게시글 상세

뉴스깨끗한 물, 위생시설의 부족은 각종 질병을 초래할 수 있습니다

2014.09.18

* UNICEF: Clean water gap affects rural residents of Tajikistan
* 시간: 04 min 37 secs
* 촬영도시: Dara
* 촬영국가: Tajikistan
* 촬영일자: 01 May 2009


Every last drop of fresh water is precious in the little village of Dara, in the central Asian Republic of Tajikistan. So precious that it's a major pre-occupation for its 1700 inhabitants.


Dara's major source of water is the river – a river so dirty, so saline that you can't drink it, irrigate or get anything clean with it. It's fit only for livestock.


And it's the same story for all the villages in this area – a total of seven thousand people.
Yet Dara is a mere ten-minute drive from the centre of the Tajik capital, Dushanbe – where there's no water shortage at all. They keep getting promises of water – but they've no idea if it'll ever come.


SOUNDBITE (Tajik) Hamroqul Siddikov, School Director:
There's no fresh water near our village and the government doesn't allow us to take water from Dushanbe because it has 9-storey apartments, the water won't go to the top floors. 36.35 and there are no Government funds to bore for underground water.


Fresh water became an issue only after the Soviet Union collapsed and along with it, the area's canals. The result was a surge in serious illness striking particularly at women and children, like 3-month old Omeena, who's got severe diarrhea.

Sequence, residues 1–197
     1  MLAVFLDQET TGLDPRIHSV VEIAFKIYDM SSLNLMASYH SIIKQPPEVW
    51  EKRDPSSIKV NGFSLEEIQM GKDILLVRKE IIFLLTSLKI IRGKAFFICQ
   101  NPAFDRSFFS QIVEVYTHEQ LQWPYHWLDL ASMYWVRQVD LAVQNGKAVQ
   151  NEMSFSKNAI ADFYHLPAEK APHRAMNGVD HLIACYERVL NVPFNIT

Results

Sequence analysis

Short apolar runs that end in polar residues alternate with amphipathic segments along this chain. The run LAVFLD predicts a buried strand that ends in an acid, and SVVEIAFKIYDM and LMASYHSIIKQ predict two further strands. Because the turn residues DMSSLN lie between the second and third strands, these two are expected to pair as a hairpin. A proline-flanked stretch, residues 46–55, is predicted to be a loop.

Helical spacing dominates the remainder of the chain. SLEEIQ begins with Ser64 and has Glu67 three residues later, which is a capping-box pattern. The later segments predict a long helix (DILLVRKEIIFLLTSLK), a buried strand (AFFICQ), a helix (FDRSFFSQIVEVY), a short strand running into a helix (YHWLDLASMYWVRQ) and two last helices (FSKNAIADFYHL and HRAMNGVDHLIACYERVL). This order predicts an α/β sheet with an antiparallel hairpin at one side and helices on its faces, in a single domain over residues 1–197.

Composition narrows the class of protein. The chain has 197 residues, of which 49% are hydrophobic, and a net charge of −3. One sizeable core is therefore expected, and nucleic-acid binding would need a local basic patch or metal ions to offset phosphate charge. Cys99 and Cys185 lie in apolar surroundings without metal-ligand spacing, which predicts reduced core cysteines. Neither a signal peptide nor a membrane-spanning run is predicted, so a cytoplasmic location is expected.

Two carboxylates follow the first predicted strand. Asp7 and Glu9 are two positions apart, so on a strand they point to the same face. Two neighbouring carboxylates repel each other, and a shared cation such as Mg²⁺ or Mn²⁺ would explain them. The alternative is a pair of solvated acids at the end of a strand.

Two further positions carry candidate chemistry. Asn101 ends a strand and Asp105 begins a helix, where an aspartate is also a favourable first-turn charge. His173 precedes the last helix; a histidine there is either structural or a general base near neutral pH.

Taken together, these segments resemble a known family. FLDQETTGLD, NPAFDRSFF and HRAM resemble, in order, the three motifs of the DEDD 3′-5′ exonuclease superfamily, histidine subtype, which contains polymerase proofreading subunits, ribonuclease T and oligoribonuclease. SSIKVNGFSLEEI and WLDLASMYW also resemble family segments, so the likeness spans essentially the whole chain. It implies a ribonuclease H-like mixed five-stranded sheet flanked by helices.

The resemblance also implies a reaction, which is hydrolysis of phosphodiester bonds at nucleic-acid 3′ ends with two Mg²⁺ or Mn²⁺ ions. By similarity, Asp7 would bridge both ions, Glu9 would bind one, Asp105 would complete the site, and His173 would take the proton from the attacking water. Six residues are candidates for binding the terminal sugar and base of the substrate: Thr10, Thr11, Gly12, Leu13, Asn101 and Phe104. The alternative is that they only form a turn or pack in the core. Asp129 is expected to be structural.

SOUNDBITE (Tajik) Muharrama Ahmedova, Village Nurse:
The lack of safe water is the cause of diseases the include 23.38 diarrhea, typhoid fever, malaria, anaemia – and these are just some of the diseases we deal with because of a lack of water.


Villagers do what they can to safeguard their children – but even the school has no water tank and so nowhere to wash, nothing to drink.


SOUNDBITE (Tajik) Hamroqul Siddikov, School Director:
School children have to bring boiled water in plastic bottles and there are 245 children and 14 teachers. The toilet doesn't meet today's standards.


For those who can afford it, the arrival of Kurbonali is always a welcome moment – the safest water comes in a tanker – but at a cost.


A tank that'll last a family about two weeks costs around 12 dollars, but in a village long-haunted by poverty and unemployment, that's out of reach of many.


SOUNDBITE (Tajik) Ahmad Saidov, villager:
People with money can afford to buy water and they have tanks to fill – but people without money haven't got tanks and can't afford the water anyway.


SOUNDBITE (Tajik) Sanovbar Saidova, villager:
This rain water we use for everything … for drinking, for making meals, for washing clothes, for everything.


Sanovbar lives in a